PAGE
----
Wooly Loco (Astragalus mollissimus)>

MAY-JUly

Wooly Loco Astragalus mollissimus Torr. (PEA FAMILY)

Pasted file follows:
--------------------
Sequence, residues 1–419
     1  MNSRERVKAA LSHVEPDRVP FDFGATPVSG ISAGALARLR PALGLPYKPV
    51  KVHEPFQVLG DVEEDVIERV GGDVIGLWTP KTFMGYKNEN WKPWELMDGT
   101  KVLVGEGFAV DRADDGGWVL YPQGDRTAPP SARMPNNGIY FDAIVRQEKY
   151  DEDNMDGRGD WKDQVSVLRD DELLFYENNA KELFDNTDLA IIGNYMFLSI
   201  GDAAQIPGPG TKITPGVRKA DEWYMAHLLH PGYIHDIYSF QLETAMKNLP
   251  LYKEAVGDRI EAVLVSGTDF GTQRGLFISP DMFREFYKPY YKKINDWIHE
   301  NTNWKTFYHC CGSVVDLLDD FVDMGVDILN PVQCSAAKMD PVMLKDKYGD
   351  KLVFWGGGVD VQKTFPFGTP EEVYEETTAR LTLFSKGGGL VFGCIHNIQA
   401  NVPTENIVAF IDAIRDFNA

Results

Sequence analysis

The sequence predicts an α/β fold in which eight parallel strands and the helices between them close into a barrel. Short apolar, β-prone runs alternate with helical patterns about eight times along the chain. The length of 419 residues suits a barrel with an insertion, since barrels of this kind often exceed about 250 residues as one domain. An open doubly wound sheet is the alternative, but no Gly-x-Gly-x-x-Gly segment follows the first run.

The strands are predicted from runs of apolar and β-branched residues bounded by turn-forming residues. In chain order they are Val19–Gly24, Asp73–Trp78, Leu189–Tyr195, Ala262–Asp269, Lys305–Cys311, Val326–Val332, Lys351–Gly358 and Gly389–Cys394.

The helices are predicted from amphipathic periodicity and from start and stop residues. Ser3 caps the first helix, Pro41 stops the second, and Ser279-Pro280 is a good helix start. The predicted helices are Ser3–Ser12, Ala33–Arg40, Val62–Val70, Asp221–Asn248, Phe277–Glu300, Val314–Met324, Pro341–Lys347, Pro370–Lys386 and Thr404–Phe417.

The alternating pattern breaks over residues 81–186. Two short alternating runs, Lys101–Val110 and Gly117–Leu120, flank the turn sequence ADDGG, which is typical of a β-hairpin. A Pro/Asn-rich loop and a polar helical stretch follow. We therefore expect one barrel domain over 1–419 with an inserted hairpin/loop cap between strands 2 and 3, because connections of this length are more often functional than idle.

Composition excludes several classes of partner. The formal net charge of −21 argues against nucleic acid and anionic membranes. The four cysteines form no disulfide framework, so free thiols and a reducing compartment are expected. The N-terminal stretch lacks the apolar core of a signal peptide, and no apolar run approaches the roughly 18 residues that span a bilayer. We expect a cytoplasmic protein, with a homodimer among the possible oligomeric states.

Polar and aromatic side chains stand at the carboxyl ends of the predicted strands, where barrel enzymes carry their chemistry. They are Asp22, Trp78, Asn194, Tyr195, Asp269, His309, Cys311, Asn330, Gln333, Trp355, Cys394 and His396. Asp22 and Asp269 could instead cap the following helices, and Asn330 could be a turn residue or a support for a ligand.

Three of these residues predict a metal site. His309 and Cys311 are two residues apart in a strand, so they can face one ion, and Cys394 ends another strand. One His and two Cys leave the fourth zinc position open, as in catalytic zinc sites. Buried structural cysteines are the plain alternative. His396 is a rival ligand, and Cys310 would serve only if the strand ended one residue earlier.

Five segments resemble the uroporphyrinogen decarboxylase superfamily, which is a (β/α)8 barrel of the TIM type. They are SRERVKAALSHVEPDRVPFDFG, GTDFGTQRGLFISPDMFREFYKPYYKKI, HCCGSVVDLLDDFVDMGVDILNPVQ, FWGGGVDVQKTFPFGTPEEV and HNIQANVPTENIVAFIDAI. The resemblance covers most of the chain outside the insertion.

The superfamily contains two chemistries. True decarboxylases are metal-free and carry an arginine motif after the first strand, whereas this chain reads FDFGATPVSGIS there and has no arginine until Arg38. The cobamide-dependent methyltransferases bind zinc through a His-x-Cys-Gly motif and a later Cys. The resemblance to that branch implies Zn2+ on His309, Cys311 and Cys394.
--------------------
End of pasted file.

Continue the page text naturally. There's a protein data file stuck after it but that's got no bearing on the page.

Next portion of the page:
Wooly loco is a tufted, semidecumbent perrenial with whitish-gray pilose stems. The alternate leaves are pinnately compound with 21 to 31 obovate to ovate leaflets which are densely silky-pilose with yellowish hairs. The inflorescence is a dense racem -4 in. long with violet to purple pea flowers. The legume is a glabrous pod 1/2 in. long or longer. This beautiful prairie wildflower is an unwanted guest on livestock ranches because of its highly toxic nature. One of the first green plants to appear in the spring, iit can become a part of cattle diets. Once they have eaten a small amount, they become addicted and seek it out. It is highly unpalatable, however, and usually do not eat the plant. Wooly loco has an alkaloid that is slow to be metabolized by the animal which leads to an accumulation over time. The symptoms belie the name loco, in that the animals are usually in a disoriented state, nervous, and unable to eat or drink in severe cases. Horses are more affected than cattle or sheep.